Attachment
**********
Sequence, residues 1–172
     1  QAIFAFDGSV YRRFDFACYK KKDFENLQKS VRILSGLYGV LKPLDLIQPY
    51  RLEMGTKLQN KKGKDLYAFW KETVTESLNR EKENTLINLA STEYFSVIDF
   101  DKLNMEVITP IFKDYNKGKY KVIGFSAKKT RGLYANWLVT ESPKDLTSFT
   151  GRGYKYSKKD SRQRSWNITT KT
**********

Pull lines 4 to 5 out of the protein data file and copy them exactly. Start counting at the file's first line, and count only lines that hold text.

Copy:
   101  DKLNMEVITP IFKDYNKGKY KVIGFSAKKT RGLYANWLVT ESPKDLTSFT
   151  GRGYKYSKKD SRQRSWNITT KT